BBC News Online
BBC News Online is the website of BBC News, the division of the BBC responsible for newsgathering and production. The website contains international news coverage, as well as British, entertainment and political news. Many reports are accompanied by audio and video from the BBC's television and radio news services, while the latest TV and radio bulletins are available to view or listen to on the site together with other current affairs programmes. BBC News Online is linked to its sister department website, that of BBC Sport. Both sites follow similar layout and content options and respective journalists work alongside each other. Location information provided by users is shared with the website of BBC Weather to provide local content. From 1998 to 2001 the site was named best news website at the BAFTA Interactive Entertainment Awards when the award category was withdrawn, it has won both the Judges' award and the People's Voice award for best news site at the annual Webby Awards. The website was launched on 4 November 1997, headed by founding editor Mike Smartt and Project Director Bob Eggington.
The broader editorial team was brought together from within the BBC, from print journalism and from some online sites. The BBC had created special websites marking the 1995 Budget, the 1996 Olympic Games, 1997 general election, the death of Princess Diana in 1997, but nothing on the scale of the launch of the main site itself, which required the development of a new production system, for which a team, led by Matthew Karas was specially hired; the original design was created by a team, including Matt Jones, based on designs commissioned from consultancy Lambie-Nairn, has been redesigned several times to match the visual style of BBC News television bulletins and to exploit increases in readers' typical screen resolutions. A major overhaul in 2003 by Paul Sissons and Maire Flynn, coincided with a relaunch of the BBC News Channel and featured a wider page design; the site launched a set of semi-official RSS 0.91 syndication feeds in June 2003 and upgraded them to full feed RSS 2.0 in 2008. Each news index has its own RSS feed, including the in-depth sections.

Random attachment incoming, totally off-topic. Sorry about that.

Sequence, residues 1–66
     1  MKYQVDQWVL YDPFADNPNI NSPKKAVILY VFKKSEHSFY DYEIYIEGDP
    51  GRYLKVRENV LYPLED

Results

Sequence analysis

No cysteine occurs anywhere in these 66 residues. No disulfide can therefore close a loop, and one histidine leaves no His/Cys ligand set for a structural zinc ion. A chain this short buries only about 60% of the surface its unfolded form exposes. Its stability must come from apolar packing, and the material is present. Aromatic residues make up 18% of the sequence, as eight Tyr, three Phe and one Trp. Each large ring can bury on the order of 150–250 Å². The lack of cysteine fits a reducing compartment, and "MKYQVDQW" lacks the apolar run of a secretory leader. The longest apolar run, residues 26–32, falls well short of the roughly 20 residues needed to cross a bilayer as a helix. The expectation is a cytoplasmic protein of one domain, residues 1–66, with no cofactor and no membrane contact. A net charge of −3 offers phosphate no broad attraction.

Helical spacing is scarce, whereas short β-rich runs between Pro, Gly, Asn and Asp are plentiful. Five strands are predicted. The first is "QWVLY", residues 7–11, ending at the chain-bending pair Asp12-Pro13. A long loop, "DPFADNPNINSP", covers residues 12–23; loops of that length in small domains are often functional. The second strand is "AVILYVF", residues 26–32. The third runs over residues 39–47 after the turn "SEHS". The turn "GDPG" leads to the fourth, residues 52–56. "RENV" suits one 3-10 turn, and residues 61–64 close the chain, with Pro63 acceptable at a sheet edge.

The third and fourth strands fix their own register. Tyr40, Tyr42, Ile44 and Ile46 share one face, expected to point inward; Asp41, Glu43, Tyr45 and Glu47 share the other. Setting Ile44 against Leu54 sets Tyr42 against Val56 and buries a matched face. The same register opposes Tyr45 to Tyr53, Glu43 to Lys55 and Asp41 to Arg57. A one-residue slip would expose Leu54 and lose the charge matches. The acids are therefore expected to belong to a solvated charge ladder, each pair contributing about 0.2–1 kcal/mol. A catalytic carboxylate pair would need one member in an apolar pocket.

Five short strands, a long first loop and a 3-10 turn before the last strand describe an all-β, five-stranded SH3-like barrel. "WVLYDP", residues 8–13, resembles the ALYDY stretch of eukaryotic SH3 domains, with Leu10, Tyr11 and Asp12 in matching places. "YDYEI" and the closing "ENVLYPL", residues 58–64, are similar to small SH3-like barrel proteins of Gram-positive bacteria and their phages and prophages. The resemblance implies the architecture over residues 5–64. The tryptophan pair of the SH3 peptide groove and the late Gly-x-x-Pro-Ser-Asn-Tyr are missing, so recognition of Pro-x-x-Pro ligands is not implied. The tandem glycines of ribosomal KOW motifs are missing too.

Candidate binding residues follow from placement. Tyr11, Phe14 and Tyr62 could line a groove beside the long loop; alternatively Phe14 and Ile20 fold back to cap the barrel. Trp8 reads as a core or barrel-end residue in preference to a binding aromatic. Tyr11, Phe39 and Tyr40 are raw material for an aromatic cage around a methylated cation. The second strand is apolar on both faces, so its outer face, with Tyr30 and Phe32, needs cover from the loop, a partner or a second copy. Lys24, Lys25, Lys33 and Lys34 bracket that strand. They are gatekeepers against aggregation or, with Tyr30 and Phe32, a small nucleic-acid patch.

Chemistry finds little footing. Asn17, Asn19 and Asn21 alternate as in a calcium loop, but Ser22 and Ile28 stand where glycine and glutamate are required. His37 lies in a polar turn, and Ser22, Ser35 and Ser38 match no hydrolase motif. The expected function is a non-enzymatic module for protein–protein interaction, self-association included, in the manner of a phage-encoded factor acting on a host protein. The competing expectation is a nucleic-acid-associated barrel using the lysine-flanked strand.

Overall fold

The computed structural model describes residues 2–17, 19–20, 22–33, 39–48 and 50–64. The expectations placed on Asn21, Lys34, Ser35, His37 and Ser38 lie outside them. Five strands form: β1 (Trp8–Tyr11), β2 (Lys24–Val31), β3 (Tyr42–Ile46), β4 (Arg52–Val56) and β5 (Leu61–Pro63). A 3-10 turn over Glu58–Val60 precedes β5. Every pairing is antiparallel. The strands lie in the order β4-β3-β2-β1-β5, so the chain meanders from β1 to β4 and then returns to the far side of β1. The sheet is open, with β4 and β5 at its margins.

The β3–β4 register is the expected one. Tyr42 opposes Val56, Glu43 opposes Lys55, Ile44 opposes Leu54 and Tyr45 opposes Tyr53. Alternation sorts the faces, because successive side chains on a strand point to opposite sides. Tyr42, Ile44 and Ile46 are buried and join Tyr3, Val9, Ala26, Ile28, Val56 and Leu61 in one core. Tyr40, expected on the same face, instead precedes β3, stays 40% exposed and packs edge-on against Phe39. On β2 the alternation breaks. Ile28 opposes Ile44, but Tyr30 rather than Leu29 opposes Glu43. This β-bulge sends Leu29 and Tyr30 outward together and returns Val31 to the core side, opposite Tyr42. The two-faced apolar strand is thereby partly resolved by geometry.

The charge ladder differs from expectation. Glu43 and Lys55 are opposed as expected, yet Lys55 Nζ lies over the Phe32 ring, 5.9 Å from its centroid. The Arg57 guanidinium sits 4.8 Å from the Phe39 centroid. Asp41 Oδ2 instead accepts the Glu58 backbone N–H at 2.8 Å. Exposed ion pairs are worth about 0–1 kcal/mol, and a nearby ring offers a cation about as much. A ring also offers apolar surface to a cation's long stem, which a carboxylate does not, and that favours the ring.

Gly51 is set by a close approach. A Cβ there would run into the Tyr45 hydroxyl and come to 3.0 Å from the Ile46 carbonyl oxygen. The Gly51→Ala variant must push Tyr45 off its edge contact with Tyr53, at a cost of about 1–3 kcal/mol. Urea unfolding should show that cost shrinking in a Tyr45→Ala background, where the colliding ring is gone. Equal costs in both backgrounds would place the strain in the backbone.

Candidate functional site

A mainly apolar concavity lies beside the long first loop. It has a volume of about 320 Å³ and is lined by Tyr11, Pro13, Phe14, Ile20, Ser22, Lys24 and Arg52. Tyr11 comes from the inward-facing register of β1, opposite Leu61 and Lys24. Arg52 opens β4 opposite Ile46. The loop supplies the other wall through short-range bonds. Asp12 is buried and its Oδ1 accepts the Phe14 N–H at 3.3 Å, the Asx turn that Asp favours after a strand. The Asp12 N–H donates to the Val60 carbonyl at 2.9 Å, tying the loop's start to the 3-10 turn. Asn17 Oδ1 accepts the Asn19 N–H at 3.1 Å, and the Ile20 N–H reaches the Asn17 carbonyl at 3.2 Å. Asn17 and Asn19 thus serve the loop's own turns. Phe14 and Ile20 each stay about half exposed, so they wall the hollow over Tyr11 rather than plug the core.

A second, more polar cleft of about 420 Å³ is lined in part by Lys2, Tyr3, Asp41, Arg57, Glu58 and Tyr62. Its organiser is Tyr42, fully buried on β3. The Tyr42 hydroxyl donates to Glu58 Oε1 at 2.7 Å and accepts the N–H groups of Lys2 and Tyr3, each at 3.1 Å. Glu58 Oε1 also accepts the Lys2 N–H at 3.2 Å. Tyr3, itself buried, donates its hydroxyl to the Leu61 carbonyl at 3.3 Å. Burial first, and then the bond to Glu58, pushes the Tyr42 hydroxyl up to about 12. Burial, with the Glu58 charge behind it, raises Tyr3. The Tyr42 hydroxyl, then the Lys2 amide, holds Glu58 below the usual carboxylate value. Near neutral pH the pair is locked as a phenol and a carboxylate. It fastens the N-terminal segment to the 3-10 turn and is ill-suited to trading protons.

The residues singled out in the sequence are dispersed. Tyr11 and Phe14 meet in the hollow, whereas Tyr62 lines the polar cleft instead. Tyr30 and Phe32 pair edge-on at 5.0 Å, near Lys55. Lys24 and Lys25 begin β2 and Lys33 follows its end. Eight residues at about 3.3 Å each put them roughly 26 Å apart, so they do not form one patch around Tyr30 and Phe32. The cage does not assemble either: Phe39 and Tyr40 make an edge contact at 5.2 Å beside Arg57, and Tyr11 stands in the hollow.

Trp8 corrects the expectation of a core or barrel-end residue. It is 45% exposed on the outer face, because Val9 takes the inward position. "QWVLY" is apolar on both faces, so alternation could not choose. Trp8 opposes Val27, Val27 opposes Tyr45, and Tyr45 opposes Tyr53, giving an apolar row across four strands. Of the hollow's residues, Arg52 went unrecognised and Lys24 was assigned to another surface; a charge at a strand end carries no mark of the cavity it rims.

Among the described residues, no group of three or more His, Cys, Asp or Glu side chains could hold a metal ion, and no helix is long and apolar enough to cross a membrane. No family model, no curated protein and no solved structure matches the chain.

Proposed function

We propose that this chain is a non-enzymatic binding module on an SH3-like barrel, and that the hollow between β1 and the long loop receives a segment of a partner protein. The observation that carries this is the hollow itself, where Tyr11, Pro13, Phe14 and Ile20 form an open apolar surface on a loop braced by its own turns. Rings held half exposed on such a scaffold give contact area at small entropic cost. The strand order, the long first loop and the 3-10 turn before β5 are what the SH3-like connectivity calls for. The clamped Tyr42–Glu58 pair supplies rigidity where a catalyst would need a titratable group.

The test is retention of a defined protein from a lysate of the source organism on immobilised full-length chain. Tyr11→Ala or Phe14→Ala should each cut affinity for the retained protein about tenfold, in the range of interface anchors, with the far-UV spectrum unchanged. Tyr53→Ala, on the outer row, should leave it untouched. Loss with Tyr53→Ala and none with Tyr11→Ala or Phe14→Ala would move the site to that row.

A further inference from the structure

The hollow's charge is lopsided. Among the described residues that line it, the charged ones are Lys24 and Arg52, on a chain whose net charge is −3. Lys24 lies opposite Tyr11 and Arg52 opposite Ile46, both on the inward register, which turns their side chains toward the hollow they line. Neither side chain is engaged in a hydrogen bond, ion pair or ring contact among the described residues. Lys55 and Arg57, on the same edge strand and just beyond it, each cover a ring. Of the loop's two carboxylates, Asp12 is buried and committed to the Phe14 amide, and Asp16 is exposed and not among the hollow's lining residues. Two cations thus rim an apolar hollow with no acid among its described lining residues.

In 2004 the BBC News website partnered with Moreover Technologies, in a response to the 2003 Graf Report, to provide links from BBC articles to rival publishers. Whilst the BBC does not censor or change results the algorithms used tend to give greater weight to national and international sources over regional or local ones. Mike Smartt, who became editor in chief in 2000, was succeeded by Pete Clifton, subsequently promoted to Head of BBC News Interactive and replaced by the previous editor Steve Herrmann in 2005; the BBC began providing real-time global user information in June 2006. A restructuring of BBC News starting in 2007 saw the dissolution of the separate BBC News Interactive department. New features were introduced, including the publicising of video content more prominently. From May 2007, the website began to offer a live video stream of BBC News 24, the rolling news channel now known as the BBC News channel. In line with the introduction of new features across BBC Online, including a new navigation bar, the site was updated in 2008 with wider centred page designs, larger images and an increased emphasis on audio and visual content.
Beginning on 30 April 2009, some published stories included in-text links to in-site profile articles on people and organisations. The BBC announced on 19 November 2009 that it was to pay more attention to search engine optimisation by extending news headlines. On 14 July 2010 the site was redesigned, with the vertical section headings moved to run horizontally near the top of the page; the new design, incorporating larger in-line videos within news articles and standardised font usage, was introduced as a first step to bringing the entire BBC website into line with its new style guidelines. It was met with mixed opinions. However, there was criticism, with some stating that the use of white space was too widespread and led to the need for continuous and excessive scrolling. On 4 March 2014, the BBC launched a beta version of the website, built around the principles of responsive web design, allowing the presentation of content to adjust automatically for a wide variety of screen sizes, from desktop computer to smartphones and tablet devices.